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J Lipid Res. 2003 Jan;44(1):22-32.

Microsomal triglyceride transfer protein and its role in apoB-lipoprotein assembly.

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  • 1Department of Anatomy, SUNY Downstate Medical Center, 450 Clarkson Avenue, Brooklyn, NY 11203, USA. mahmood.hussain@downstate.edu

Abstract

Apolipoprotein B (apoB) and microsomal triglyceride transfer protein (MTP) are necessary for lipoprotein assembly. ApoB consists of five structural domains, betaalpha(1)-beta(1)-alpha(2)-beta(2)-alpha(3). We propose that MTP contains three structural motifs (N-terminal beta-barrel, central alpha-helix, and C-terminal lipid cavity) and three functional domains (lipid transfer, membrane associating, and apoB binding). MTP's lipid transfer activity is required for the assembly of lipoproteins. This activity renders nascent apoB secretion-competent and may be involved in the import of triglycerides into the lumen of endoplasmic reticulum. In addition, MTP binds to apoB with high affinity involving ionic interactions. MTP interacts at multiple sites in the N-terminal betaalpha(1) structural domain of apoB. A novel antagonist that inhibits apoB-MTP binding decreases apoB secretion. Furthermore, site-directed mutagenesis and deletion analyses that inhibit apoB-MTP binding decrease apoB secretion. Lipids modulate protein-protein interactions between apoB and MTP. Lipids associated with MTP increase apoB-MTP binding whereas lipids associated with apoB decrease this binding. Thus, specific antagonist, site-directed mutagenesis, deletion analyses, and modulation studies support the notion that apoB-MTP binding plays a role in lipoprotein biogenesis. However, specific steps in lipoprotein assembly that require apoB-MTP binding have not been identified. ApoB-MTP binding may be important for the prevention of degradation and lipidation of nascent apoB.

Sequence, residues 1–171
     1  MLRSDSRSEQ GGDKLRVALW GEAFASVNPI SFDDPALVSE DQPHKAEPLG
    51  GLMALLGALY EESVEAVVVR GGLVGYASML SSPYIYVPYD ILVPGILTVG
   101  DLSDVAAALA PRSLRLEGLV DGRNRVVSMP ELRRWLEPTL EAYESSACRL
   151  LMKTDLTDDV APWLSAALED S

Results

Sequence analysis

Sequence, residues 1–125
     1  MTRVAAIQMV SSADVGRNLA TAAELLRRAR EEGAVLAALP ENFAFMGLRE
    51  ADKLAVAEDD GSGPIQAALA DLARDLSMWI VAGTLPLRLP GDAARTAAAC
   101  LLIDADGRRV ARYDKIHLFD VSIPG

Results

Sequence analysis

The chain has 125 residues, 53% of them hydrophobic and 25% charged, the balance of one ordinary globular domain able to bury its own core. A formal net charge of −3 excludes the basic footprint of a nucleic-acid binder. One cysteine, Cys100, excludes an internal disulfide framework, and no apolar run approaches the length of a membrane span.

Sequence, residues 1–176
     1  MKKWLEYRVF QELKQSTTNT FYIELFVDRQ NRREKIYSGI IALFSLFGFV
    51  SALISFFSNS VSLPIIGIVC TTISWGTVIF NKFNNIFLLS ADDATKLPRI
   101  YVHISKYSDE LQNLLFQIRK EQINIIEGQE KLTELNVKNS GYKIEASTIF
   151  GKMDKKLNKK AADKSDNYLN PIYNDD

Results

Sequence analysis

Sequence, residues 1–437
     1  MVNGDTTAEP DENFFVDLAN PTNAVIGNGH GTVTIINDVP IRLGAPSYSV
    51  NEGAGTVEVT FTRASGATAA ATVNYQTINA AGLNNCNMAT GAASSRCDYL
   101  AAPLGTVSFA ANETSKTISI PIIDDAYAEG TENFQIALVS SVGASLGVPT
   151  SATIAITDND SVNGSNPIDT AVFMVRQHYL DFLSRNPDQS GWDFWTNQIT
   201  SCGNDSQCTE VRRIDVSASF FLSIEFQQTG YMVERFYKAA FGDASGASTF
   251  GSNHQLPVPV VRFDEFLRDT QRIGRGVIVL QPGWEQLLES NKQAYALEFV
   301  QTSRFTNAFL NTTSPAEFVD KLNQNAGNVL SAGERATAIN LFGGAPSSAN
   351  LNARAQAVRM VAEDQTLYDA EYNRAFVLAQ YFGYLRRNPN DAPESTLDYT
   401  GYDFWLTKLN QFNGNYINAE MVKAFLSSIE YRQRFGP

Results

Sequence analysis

PMID:
12518019
[PubMed - indexed for MEDLINE]
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